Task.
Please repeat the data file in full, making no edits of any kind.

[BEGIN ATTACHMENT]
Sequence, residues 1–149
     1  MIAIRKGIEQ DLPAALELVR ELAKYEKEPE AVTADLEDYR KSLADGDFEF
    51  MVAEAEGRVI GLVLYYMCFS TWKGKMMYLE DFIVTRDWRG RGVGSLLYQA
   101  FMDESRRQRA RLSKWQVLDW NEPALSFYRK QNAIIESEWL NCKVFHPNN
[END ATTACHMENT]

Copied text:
Sequence, residues 1–149
     1  MIAIRKGIEQ DLPAALELVR ELAKYEKEPE AVTADLEDYR KSLADGDFEF
    51  MVAEAEGRVI GLVLYYMCFS TWKGKMMYLE DFIVTRDWRG RGVGSLLYQA
   101  FMDESRRQRA RLSKWQVLDW NEPALSFYRK QNAIIESEWL NCKVFHPNN